“Theological reflection is a pilgrimage in which change should be celebrated, not feared.” Clark Pinnock
We’ve been talking about deepening our walk with the Almighty, and certain attitudes we must cultivate if we want to explore “the deep things of God.” (See at the bottom of this post links to previous ones on the subject.) Here’s my next recommendation to that end:
To go deeper we have to be willing to expand our doctrinal definitions
I realize that considering making revisions about what they believe is frightening for some people. For many, their entire relationship with him is wrapped around their doctrinal statement, that list of irreducible minimum beliefs that identify them as “true Christians.”
Don’t get me wrong, there are non-negotiables in our faith, and I wouldn’t think of trying to wrest any of them out of your white-knuckle grip. I’m not recommending that you toss everything out and start over. What I propose is that if you haven’t ventured into deeper waters for quite a while, you might want to take a fresh look at the width, if not the length, of the things you believe. Is it possible that your list of givens is too short or too long or too narrow or too wide to take you to a more profound place in Jesus?
Could it be that what you believe is fundamentally correct in and of itself, yet you’re not flexible enough in your thinking to tweak it if the Spirit were to bring fresh revelation to light? If the very thought of adjusting your theology makes you hyperventilate, you probably suffer from a fixation, if not a mild addiction, to the strictures of your spiritual beliefs. If you wish to have a more profound experience with him, you might do well to ask yourself if you love your beliefs about God more than you love God!Continue reading →
There’s a difference between different ways to get to God and the different ways God uses to get to us.
Since God has many ways to manifest himself to humans––none of which are on equal par with Jesus, who is The Way––we should learn how to affirm those manifestations wherever we find them and build on them to help people find Jesus.
Whenever I’m asked––and a lot of times when nobody’s asking––I show as many photos to friend or foe of one of my phenomenal granddaughters as they can stand. (Feast your eyes on Esme Davi and Aria Joy above! You’re welcome.)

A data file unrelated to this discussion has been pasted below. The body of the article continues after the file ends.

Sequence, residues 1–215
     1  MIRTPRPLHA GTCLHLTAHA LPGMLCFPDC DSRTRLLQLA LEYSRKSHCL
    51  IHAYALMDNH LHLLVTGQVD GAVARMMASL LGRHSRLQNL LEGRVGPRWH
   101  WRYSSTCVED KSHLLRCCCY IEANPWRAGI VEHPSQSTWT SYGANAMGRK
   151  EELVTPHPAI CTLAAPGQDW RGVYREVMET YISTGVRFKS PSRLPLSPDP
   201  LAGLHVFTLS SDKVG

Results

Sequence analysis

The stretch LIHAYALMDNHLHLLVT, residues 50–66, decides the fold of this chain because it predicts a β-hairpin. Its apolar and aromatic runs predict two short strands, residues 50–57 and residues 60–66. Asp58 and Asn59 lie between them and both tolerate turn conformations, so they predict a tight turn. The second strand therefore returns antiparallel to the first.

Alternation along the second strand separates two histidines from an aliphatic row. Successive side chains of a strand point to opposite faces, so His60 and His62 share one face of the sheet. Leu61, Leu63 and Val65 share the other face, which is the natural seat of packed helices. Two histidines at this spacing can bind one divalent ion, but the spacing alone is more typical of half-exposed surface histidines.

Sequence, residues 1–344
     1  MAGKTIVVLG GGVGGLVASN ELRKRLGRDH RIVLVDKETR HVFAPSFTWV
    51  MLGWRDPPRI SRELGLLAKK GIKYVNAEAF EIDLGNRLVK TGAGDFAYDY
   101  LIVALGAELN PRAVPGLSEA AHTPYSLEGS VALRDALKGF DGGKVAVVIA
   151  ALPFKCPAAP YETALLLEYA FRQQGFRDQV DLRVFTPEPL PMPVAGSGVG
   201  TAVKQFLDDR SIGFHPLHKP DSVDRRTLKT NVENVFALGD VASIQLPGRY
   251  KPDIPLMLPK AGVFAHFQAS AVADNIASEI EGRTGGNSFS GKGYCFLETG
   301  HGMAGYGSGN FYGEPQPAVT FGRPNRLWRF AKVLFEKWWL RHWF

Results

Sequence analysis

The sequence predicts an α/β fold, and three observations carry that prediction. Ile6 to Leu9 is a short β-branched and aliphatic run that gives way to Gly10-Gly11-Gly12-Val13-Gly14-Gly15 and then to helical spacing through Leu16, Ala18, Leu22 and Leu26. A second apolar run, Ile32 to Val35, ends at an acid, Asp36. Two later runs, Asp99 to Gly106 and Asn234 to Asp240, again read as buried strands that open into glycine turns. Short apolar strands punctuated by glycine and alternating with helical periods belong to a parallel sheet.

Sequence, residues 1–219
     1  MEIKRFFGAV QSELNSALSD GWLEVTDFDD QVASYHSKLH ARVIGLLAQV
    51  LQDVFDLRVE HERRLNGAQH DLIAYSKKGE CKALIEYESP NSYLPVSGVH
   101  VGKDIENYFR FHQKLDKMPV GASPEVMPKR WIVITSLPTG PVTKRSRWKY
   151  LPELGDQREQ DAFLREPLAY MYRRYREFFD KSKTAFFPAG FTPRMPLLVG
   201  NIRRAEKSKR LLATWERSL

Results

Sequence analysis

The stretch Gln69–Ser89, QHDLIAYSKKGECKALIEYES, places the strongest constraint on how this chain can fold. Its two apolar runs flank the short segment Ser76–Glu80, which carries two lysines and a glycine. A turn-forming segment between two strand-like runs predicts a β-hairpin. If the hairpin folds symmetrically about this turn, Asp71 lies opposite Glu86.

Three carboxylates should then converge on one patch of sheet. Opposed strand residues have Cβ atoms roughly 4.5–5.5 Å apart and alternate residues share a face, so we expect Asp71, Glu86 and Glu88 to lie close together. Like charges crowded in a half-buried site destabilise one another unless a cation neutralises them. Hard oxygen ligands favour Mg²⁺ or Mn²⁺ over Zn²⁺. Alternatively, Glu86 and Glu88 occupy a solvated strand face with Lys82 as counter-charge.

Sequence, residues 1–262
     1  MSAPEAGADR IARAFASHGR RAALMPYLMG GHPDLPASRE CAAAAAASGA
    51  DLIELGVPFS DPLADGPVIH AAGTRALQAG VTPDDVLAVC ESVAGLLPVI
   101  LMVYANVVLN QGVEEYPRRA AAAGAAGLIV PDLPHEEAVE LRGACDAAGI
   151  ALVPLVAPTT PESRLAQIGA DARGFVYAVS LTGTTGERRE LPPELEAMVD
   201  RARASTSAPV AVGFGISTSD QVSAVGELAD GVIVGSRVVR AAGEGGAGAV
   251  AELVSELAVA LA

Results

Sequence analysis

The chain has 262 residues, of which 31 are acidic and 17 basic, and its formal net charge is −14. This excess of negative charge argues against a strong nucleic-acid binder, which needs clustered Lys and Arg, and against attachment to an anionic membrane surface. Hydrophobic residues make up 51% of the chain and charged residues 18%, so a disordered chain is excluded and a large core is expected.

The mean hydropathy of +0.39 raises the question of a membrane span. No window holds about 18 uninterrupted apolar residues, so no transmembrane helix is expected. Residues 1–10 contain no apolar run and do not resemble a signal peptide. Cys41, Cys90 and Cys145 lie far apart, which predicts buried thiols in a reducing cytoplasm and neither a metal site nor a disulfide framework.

Of course these pix come with narration as I tell them about how she crawls on the floor, giggles when I tickle her, and snores when she sleeps deeply. When they fail to show signs of spellbound astonishment I figure, either they’re ignorant dolts or it has to do with the limitation of two-dimensional photography to show her superior persona. A picture may worth a thousand words, but it’s not the same as meeting this wonderful little human being in the flesh. Continue reading →
Do all roads lead to God? “No,” says William Paul Young, “but God is willing to travel any road to find you.”
My friend and I were meeting at the baseball stadium to watch my San Francisco Giants play. Parking costs as much as the ticket, so I decided to take public transportation. From my house there isn’t one bus that takes me directly there, so I had to take one bus and transfer to another, which dropped me off right in front of the ballpark.
Though I believe that Jesus is the only way to the Father, there might well be a number of ways to Jesus. Creation, conscience, culture, crises and even some aspects of creed (religion) are like those buses that lead people to — the “Jesus Bus!” They can serve as vehicles that can bring us to The Vehicle that brings us to God. It’s necessary for devotees of other religions to “transfer” from their former way to The Way in order to get all the way to the Father. How and when they make this transfer, and even what the process of transfer looks like is so far above my pay grade that I can only speculate. Continue reading →
[A Wideness in God’s Mercy / Irresistible Revolution / Submerge]
A Wideness in God’s Mercy – The Finality of Jesus Christ in a World of Religions, by Clark Pinnock
This book by a respected (albeit, quite controversial) theologian teaches some extremely provocative things about God’s mercy reaching people with no adequate Christian witness. Pinnock is committed to Jesus being the only road to the Father, yet he explores how God might go down other roads to reach his beloved. They’re rather experimental, at least in my view, about how God might be willing to ride other buses to convince people to “transfer” to the Jesus Bus! My essay called, “God’s Passionate Pursuit of People” is influenced considerably by Pinnock’s thinking. I’m not nearly as “free-thinking” as him but my hope is that through his book and/or my brief paper you’ll be as provoked as I am toward more passion to bring people back home to the Father. Continue reading →